“​Any and all records related to the Fort Worth Police Department and Internal Affairs investigation of the March 13, 2016 incident in which Fort Worth Police Officer William Figueroa used pepper spray on passing motorcyclists. Please include, among other things, all records related to the investigation, conclusions/findings of fact, and punishment assessed against Officer Figueroa if any.​” ​

The Texas Public Information Act (“Act”) gave Fort Worth 10 business days to respond to my request. At 5:10 P.M. on the tenth day, just hours before the deadline to respond expired, a Fort Worth Assistant City Attorney (“Attorney”) responded to my request; sort of.

In a letter, the Attorney advised me Fort Worth believes some or all of the documents I requested are exempted from production pursuant to the Act. The City has requested, pursuant to the Act, an opinion from the Texas Attorney General as to which, if any, documents may be exempted from production. In other words, the City doesn’t want to give me any records related to the investigation into the Figueroa incident.

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The City submitted its arguments and the responsive documents to the Texas Attorney General, who has 45 business days from today to render his opinion as to which, if any, documents requested are exempted from production. Of course, if the City disagrees with the Attorney General’s decision it may appeal, which would further delay disclosure.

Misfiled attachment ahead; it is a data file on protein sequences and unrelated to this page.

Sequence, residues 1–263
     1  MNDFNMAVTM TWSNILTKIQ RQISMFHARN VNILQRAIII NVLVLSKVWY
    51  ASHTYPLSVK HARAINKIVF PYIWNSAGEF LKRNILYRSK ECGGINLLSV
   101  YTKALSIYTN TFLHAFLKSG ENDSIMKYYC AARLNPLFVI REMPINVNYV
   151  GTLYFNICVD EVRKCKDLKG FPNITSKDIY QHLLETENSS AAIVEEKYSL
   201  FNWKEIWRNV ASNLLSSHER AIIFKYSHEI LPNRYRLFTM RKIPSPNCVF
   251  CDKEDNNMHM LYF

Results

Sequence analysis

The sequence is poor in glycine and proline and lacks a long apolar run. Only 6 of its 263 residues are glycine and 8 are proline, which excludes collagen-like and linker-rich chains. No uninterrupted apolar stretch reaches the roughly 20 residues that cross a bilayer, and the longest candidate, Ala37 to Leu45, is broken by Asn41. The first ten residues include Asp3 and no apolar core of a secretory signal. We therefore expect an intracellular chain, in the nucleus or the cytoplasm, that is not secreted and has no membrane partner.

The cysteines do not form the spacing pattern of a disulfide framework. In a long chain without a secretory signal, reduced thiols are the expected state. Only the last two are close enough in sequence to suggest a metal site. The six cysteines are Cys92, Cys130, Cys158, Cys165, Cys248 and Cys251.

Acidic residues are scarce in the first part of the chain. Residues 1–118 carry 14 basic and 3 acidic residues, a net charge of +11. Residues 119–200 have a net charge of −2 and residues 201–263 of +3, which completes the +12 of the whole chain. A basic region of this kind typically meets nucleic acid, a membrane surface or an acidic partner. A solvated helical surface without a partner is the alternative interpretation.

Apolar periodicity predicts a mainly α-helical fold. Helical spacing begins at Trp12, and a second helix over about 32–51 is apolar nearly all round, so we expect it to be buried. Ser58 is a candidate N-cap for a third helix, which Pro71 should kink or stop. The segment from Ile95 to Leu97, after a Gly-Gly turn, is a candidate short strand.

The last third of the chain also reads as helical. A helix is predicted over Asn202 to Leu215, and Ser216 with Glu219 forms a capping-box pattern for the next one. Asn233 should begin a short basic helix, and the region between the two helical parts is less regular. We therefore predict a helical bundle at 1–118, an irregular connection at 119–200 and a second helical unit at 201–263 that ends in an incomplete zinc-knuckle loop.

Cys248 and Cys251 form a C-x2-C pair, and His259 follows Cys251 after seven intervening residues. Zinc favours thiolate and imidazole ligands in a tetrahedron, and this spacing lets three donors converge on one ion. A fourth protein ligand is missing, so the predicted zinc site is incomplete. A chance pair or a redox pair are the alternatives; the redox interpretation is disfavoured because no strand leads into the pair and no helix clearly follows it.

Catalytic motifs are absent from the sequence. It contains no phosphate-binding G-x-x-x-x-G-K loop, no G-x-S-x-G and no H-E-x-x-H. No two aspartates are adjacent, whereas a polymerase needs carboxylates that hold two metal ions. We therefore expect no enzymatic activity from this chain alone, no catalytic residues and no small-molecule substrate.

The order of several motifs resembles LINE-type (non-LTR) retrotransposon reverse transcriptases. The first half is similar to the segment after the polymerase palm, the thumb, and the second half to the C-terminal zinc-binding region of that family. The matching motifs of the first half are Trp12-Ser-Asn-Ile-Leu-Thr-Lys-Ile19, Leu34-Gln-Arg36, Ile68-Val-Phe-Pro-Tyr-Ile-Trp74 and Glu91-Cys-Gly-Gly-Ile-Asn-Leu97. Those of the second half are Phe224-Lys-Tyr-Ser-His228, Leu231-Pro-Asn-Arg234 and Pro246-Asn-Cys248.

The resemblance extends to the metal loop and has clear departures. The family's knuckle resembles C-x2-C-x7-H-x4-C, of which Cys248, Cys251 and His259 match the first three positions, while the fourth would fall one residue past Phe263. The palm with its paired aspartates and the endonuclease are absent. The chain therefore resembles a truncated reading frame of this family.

I spoke with the Attorney assigned to appeal my open-records request related to Officer Figueroa. The Attorney stated Figueroa has not yet been disciplined. If he receives punishment that includes a 1-day or longer suspension, the Internal Affairs investigation documents are discoverable. If the punishment is less than 1-day, or does not include a suspension from duty, the documents are not discoverable.

In its brief to the Attorney General, the City Attorney will argue none of the documents are discoverable until the police department assesses punishment. If after the police department assesses punishment, the documents remain protected from disclosure we can infer Figueroa received a minimal punishment; i.e., less than 1-day suspension.